We can classify these as "local" algorithms, i.e., methods that proceed in a step-wise manner by optimizing some function of the immediate remainder. This is in contrast to "global" algorithms, which optimize some function of the entire completed expansion. I suspect that any sort of general global optimization is NP-complete, and that no local algorithm can guarantee a globally optimum result in every case.

 

The stipulation that (Q,R) = 1 was included as sort of an example of one way we could restrict the choices (not meant to imply that this condition is required for Nx Qy = R to be solvable), but of course it doesn't completely specify the decomposition of denominators that are divisible by more than two distinct primes. My first implementation of this method set Q equal to the highest power of the largest prime dividing the denominator, the idea being to completely eliminate the largest prime from the denominator of the remainder. (By the way, to answer one of David Eppstein's questions, this explains why the method gave R = 1 at each step of the expansion of 18/23, because the denominators were all prime powers.)

 

Of course, we're free to base the algorithm on any fixed factoring rule we choose. David Eppstein has experimented with a couple of different rules. I've tried dropping the (Q,R) = 1 requirement and just choosing the factors with Q > R such that Q−R is minimized. This rule gives an algorithm that is closely related to the "Fibonacci" methods.

 

Overall, the basic algorithm can be regarded as a means of unifying and classifying all the various "local" methods, each corresponding to a particular rule of factorization. Given a set of expansions from some historical document, we can check to see if some fixed factorization rule generates all those expansions.

 

From a historical standpoint, it seems (from what little I know of the surviving documentary evidence) that the ancient Egyptians didn't use any single rule for generating their unit fraction expansions. As a result, the small quantity of material must be sub-divided into even smaller sets of examples of any particular method, which makes it almost impossible to build conclusive arguments about the thought processes they may have used. If the 2/n table in the Rhind Papyrus had gone up to 2/1001 instead of just 2/101 we would be in a much better position to "reverse engineer" their methods.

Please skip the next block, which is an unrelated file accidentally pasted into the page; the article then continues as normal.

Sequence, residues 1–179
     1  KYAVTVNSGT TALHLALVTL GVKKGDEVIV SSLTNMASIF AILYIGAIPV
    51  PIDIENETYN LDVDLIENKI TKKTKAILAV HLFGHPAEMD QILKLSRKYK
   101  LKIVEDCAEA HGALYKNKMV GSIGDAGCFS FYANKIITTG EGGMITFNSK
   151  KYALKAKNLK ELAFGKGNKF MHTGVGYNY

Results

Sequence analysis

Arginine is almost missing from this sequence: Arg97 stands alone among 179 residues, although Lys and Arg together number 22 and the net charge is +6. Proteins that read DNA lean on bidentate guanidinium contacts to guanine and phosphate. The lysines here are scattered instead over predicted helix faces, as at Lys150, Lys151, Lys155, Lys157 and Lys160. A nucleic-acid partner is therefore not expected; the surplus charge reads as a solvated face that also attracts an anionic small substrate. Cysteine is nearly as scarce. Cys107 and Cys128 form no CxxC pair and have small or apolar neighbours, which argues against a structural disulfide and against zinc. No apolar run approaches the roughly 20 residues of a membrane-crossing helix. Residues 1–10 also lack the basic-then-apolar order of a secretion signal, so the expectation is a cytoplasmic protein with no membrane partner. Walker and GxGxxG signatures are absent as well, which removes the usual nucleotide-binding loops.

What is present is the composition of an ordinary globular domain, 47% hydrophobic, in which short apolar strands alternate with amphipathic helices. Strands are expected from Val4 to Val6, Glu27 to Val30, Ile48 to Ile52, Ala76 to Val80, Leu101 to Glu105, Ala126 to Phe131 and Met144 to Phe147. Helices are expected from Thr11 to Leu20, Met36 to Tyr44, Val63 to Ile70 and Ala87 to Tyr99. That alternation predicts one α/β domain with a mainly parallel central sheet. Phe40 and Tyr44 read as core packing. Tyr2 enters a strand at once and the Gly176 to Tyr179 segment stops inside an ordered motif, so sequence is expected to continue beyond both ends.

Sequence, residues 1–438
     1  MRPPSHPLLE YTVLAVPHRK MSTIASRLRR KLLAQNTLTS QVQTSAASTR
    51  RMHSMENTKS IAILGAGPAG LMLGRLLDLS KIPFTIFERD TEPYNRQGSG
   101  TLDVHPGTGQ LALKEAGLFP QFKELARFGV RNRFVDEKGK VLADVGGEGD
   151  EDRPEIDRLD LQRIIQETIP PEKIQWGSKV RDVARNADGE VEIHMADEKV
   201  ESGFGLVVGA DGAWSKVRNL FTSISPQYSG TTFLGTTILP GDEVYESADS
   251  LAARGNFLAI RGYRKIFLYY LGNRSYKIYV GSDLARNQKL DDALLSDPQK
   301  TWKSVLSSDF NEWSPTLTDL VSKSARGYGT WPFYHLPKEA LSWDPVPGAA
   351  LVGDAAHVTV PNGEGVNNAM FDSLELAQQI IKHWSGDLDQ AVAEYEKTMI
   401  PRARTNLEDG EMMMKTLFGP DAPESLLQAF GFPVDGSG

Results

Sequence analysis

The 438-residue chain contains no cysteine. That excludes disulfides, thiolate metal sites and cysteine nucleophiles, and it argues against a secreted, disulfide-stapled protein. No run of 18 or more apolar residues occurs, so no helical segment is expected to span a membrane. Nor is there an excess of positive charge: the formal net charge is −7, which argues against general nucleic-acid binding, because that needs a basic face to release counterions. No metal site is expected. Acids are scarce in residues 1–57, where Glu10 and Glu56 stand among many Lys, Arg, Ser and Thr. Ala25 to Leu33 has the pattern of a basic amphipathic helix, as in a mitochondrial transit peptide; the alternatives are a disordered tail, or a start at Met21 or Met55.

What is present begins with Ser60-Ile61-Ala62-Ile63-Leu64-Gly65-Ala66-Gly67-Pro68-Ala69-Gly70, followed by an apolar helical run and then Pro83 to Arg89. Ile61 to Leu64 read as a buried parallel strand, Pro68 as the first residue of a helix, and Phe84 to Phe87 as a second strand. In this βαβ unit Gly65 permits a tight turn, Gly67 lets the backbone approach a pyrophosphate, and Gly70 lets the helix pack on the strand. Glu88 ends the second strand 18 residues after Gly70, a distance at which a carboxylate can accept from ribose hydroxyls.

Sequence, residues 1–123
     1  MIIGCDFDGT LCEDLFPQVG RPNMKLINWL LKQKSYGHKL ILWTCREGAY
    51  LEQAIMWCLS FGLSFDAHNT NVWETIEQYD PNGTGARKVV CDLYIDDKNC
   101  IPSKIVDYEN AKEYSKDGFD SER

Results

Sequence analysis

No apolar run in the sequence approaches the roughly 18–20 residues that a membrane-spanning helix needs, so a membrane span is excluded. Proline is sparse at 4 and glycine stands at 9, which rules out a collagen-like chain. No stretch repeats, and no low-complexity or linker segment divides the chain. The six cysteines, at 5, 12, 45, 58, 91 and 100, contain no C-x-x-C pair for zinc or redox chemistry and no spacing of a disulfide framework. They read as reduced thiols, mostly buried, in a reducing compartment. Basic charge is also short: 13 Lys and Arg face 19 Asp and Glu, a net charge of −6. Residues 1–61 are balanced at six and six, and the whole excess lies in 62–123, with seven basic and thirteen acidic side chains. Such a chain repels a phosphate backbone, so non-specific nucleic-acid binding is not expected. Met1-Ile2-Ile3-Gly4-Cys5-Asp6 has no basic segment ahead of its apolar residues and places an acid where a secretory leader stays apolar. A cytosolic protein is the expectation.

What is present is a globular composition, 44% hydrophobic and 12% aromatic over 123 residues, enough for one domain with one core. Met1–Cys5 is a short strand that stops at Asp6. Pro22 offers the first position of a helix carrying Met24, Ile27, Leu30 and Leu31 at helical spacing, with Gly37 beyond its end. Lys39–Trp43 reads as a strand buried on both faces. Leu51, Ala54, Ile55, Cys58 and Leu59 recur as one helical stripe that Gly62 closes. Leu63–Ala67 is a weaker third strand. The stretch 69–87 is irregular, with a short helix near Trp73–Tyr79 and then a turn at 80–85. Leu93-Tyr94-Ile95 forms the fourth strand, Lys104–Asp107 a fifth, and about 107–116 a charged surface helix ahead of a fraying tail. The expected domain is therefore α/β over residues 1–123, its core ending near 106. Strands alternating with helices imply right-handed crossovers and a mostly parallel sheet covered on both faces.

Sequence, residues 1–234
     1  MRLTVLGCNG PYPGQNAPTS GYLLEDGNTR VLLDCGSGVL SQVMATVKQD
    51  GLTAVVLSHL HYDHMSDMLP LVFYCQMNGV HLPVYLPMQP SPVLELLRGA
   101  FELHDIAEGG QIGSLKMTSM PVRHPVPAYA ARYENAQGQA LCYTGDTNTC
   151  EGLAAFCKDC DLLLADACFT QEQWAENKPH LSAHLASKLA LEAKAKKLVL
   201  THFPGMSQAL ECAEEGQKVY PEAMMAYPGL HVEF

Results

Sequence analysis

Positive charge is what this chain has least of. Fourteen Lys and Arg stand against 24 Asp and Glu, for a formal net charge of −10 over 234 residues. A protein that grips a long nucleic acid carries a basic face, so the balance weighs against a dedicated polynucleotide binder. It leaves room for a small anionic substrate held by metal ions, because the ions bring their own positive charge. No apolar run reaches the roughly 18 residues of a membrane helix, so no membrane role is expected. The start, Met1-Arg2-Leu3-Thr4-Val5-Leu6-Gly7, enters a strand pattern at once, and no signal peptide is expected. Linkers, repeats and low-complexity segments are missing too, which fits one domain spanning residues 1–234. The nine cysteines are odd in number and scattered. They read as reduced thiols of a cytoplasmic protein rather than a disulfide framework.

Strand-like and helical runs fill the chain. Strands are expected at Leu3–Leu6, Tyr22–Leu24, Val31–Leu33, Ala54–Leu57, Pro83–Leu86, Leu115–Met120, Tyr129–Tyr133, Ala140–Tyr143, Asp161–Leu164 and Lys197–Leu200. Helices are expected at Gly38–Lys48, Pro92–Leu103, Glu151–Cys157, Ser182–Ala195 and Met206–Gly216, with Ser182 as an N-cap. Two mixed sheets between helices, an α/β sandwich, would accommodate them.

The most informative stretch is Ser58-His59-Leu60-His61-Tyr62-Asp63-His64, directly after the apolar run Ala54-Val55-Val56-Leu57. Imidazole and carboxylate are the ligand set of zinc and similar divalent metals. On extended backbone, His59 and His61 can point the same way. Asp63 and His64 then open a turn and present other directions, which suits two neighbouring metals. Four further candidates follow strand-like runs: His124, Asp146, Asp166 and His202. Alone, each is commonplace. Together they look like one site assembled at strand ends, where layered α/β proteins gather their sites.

Recall that we found a unit fraction expansion of 31/311 with largest denominator equal to 93611. Although several local methods yield this four-term expansion, I've not found one that gives the expansion with smallest max denominator. However, we can expand our analysis in a global direction by expanding into two unit fractions at once.

 

Given a fraction N/D in lowest terms, we begin with some factorization of the denominator D = QR and then deduct two unit fractions from N/D, both of which have denominators divisible by Q. (Historically this comes from the fact that many of the Egyptian expansions seem to have the final two or even three denominators divisible by a large prime factor of D.) So we have

 

 

which can be written in the form

 

 

We want to eliminate Q from the denominator of n/d, so we have the condition

 

 

which has the smallest solution x = 9, y = 28, leaving the remainder 25/252. We can then check by the usual method to see if 25/252 has a two-term expansion, which it does, 1/14 + 1/36, so we have the result

 

 

So this algorithm consists of first checking for simple 2-term expansions, then (assuming none exist) expanding the first two high-order terms, and iterating on the remainder. (Obviously we still need to specify a fixed factorization rule to split QR at each stage.)

 

I don't imagine the ancient Egyptians practiced anything like this. It's more likely that their expansions tended to have pairs (or triples) of denominators with common factors because they produced them by multiplying binomials (or trinomials) of smaller expansions.

 

One more interesting fact about the ratio 31/311 is that, although it has no three-term expansion, the nearest three-term expansion differs from the true value by a unit fraction, i.e.,

 

 

where the final (negative) denominator is just the least common multiple of all the other denominators.